Those of us that work in the area of intellectual property (IP) often long to find sources that cover a collection of information where it is easy to find what we want, is dependable, and is concise. This Compendium is that sort of work, (that we hope to update on an annual basis). The IP systems of thirteen countries located in Asia, Africa and Latin America are briefly described, with a chapter on the European and U.S. system for comparative purposes. Links for official governmental (on-line) sites are provided for those that need official information. It represents the work of members of the National Partners Initiative (NPI), a community of intellectual property (IP) practitioners. The NPI is supported by its members and the funding generosity provided by the Directorate-General for International Cooperation (DGIS), Ministry of Foreign Affairs of the Netherlands and the Centers of the Consultative Group on International Agricultural Research (CGIAR), through the CGIAR-Central Advisory Service on Intellectual Property (CAS-IP).
CAS-IP launched the National Partners Initiative in 2007. Since then this group of international IP practitioners has met twice a year to share experiences and leverage one another’s knowledge. Again, special thanks to DGIS who provided the financial support to make this initiative possible. Below is the most recent photo of the group taken at the skills workshop that took place earlier this year.
“IP Litigation in Africa” was an item in the WIPO magazine from February this year. It includes highlights from IP disputes that have recently taken place Africa. In the introduction Darren Olivier (co-founder of Afro-IP blog) says:
“IP dispute resolution is alive and well in most economically vibrant economies on the continent”
Examples are from Ethiopia, South Africa, Namibia, Kenya, Uganda and Nigeria and deal with patent, trademark and copyright cases. We often read about lack of enforcement in the region, so it’s very welcome to see an article of this kind!
This article was brought to my attention by Kalpana Sastry from NAARM in Hyderabad (thanks Kalpana!). It talks about some of the challenges in various aspects of IP management in Africa. Many of the problems outlined could equally be applicable to many developing countries outside the African continent however.
I am reluctant to choose points to emphasize from this post – it is all relevant! What is particularly interesting from the CAS perspective is that this article provides a further affirmation that our NPI project is badly needed and very much on the mark with the kind of support that members can derive by participating. The NPI is a fledgling international professional society for IP practitioners in developing countries. You can find more details on our main website http://www.cas-ip.org/?page_id=40 Or search this blog for “NPI” tags to see related posts.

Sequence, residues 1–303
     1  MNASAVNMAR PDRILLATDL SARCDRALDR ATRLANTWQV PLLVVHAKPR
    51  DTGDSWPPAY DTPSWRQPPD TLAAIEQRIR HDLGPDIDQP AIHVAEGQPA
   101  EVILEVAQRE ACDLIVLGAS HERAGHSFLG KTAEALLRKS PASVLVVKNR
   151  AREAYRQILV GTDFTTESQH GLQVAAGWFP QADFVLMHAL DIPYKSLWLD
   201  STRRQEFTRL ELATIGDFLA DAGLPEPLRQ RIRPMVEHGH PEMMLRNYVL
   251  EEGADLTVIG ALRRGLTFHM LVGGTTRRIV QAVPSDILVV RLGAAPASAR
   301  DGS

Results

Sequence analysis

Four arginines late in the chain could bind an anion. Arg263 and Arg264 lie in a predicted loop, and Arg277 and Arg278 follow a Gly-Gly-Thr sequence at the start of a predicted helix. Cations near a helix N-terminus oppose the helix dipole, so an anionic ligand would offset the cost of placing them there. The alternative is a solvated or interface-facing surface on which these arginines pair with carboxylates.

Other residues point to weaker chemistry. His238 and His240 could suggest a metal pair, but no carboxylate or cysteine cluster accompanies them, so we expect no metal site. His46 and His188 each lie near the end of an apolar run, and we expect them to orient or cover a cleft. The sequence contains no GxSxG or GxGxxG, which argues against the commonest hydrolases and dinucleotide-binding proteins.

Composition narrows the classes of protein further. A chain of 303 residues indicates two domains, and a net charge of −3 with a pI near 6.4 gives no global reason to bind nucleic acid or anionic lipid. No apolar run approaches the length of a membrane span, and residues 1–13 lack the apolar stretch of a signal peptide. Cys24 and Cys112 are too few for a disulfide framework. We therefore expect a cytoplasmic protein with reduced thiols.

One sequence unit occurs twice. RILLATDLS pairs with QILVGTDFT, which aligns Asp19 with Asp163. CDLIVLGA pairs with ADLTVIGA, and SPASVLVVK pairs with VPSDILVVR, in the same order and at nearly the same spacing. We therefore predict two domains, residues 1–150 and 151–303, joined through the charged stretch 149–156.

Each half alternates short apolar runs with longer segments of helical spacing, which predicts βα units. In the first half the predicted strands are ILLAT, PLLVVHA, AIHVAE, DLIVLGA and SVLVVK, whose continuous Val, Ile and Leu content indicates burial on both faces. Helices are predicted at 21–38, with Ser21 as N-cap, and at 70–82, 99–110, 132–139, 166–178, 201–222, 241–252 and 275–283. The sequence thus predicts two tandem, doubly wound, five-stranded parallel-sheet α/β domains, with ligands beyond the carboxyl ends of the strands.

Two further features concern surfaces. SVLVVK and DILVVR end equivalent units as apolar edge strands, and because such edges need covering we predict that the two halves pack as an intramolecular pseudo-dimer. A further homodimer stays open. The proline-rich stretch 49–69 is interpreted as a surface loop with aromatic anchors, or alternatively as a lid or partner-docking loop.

Kalpana, who is an NPI member herself, pointed out the following to me when she sent the link;
“Lack of access to relevant documents for IP practice, communications and links, trained manpower (if trained) and demography…. efforts from CAS-IP work actually aim to help IP practice in developing countries overcome some of these very problems”
The latest issue of the World Trademark Review was entitled “African strategies and developments” – see the lead link for Afro-IP’s blog posting. They say:
“The article picks up significant issues in some nine African states, together with ARIPO. … the registration of service marks is not something you can take for granted, since there are still plenty of jurisdictions where such registration is not available.”
Additionally, the article picks up important points regarding domain names registration, cyber-squatting and subsequent enforcement issues in Africa – using several examples. There is also mention of a new initiative in South Africa to grant extended protection to traditional knowledge.
The above link is to a press release on the IFAD website with details of a new Contribution Agreement between the EC and IFAD worth Eur 67.5 million to finance research through the CGIAR. The press release states:
“The main aim of this new agreement is to ensure that scientific and technological advances and agricultural research will be made available to the world’s 450 million smallholder farms, on whom depend the livelihoods of over 2 billion rural poor people.
…to achieve maximum impact, especially for Sub-Saharan Africa, there is a clear need to move from a supply-based approach to a demand-based one. This means forging partnerships between scientists, poor smallholder farmers, service providers and other main stakeholders.”
For the full press release visit the lead link.